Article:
21 But now the righteousness of God has been manifested apart from the law, although the Law and the Prophets bear witness to it— 22 the righteousness of God through faith in Jesus Christ for all who believe. For there is no distinction: 23 for all have sinned and fall short of the glory of God, 24 and are justified by his grace as a gift, through the redemption that is in Christ Jesus, 25 whom God put forward as a propitiation by his blood, to be received by faith. This was to show God’s righteousness, because in his divine forbearance he had passed over former sins. 26 It was to show his righteousness at the present time, so that he might be just and the justifier of the one who has faith in Jesus.
27 Then what becomes of our boasting? It is excluded. By what kind of law? By a law of works? No, but by the law of faith. 28 For we hold that one is justified by faith apart from works of the law. 29 Or is God the God of Jews only? Is he not the God of Gentiles also? Yes, of Gentiles also, 30 since God is one—who will justify the circumcised by faith and the uncircumcised through faith. 31 Do we then overthrow the law by this faith? By no means! On the contrary, we uphold the law.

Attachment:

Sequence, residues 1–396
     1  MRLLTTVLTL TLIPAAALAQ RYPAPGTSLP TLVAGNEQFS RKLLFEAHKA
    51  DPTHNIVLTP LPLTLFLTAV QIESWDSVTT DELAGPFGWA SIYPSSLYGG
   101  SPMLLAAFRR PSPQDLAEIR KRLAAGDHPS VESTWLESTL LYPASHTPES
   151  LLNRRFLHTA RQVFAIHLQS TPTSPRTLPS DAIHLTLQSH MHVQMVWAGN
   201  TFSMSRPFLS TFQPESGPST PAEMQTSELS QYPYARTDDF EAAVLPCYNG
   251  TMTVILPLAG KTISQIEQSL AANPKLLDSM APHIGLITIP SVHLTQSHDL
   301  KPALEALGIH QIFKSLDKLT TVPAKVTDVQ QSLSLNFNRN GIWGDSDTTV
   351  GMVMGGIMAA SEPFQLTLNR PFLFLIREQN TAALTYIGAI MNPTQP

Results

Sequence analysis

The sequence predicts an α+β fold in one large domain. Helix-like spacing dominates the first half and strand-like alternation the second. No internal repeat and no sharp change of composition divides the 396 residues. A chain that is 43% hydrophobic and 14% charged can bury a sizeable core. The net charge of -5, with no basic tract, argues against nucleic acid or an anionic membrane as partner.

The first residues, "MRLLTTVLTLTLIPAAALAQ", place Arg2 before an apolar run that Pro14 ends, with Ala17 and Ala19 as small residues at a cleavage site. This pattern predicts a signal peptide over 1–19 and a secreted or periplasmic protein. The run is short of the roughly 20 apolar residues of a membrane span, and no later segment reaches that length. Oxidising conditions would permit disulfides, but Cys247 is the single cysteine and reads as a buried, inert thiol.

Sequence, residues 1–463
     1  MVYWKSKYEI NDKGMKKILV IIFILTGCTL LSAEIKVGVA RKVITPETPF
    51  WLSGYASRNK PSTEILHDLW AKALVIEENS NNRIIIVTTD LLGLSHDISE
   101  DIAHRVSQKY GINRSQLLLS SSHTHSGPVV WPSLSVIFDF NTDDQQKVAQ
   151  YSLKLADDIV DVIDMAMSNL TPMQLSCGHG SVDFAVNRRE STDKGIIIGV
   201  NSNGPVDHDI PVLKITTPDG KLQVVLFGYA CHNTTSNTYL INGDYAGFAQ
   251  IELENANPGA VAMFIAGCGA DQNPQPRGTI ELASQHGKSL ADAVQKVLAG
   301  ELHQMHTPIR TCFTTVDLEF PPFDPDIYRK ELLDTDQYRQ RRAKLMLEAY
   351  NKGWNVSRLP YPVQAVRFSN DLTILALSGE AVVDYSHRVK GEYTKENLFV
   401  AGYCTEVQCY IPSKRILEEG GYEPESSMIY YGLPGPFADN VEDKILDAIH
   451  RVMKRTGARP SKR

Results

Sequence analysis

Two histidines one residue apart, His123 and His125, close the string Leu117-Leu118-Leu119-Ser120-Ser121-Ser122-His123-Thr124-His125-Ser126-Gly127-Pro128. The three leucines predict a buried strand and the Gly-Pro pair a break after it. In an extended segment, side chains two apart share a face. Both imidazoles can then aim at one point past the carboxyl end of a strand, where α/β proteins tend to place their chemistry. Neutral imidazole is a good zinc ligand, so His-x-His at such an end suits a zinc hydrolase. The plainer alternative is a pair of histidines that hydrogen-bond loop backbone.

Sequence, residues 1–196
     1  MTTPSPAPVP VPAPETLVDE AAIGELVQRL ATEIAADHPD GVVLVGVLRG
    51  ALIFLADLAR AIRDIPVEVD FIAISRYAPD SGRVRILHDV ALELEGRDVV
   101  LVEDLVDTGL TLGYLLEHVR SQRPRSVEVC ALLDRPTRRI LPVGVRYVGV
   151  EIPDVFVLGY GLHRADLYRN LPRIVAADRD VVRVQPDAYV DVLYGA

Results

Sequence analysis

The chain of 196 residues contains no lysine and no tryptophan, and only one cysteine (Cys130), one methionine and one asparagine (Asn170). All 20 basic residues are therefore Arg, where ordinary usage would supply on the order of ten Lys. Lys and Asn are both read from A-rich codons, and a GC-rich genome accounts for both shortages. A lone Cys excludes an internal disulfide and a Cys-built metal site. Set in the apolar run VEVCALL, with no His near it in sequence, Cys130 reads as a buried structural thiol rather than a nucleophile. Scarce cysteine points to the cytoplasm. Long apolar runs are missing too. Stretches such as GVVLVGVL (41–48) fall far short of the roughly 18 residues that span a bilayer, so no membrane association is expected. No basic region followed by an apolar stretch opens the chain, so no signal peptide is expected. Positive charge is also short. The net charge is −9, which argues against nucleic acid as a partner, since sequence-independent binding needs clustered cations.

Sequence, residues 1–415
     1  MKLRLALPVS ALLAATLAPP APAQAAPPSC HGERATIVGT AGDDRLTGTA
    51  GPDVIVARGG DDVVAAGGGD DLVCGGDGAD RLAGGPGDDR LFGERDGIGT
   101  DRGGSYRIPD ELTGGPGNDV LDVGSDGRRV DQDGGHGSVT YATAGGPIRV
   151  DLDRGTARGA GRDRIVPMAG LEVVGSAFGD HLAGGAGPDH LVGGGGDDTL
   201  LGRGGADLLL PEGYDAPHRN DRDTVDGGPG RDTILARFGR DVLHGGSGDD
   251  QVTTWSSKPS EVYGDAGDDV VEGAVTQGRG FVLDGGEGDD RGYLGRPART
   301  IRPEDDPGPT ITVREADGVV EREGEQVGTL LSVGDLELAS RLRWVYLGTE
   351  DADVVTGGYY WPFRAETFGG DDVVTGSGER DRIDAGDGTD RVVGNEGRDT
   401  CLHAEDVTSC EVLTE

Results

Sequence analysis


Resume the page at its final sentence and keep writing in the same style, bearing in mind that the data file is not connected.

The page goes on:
I like to think that when Paul was writing this, the Holy Spirit saw to it that Jesus’ words recorded in Matthew 5:17 were coursing through his brain and heart, “Do not think that I have come to abolish the Law or the Prophets; I have not come to abolish them but to fulfill them.”
In our 11:00 Bible Study just a few weeks back we read one of the above verses, and when an uncommon word like “propitiation” comes up in the text, I often pause to ask how folks in the class understand or define the word. It’s not uncommon for me to then offer some “gently corrective commentary.” On this day, though, one of our members answered that propitiation was “substitution,” and we dug into that just a bit. I can’t offer any direct quotes, but the gist of it was, as the propitiation for our sins, Jesus’ undeserved death was substituted for our deserved eternal death. His earned righteousness is substituted for our utter unrighteousness. By sacrificing Himself in the person of His Son, God satisfied perfectly every requirement and demand He makes on us to have eternal life, not because we are good enough, or because we are the right kind of person, or attend the right church, or because we’ve achieved anything at all, but because this was His plan all along, since before the creation of the world; since before there was even created time to be “before”.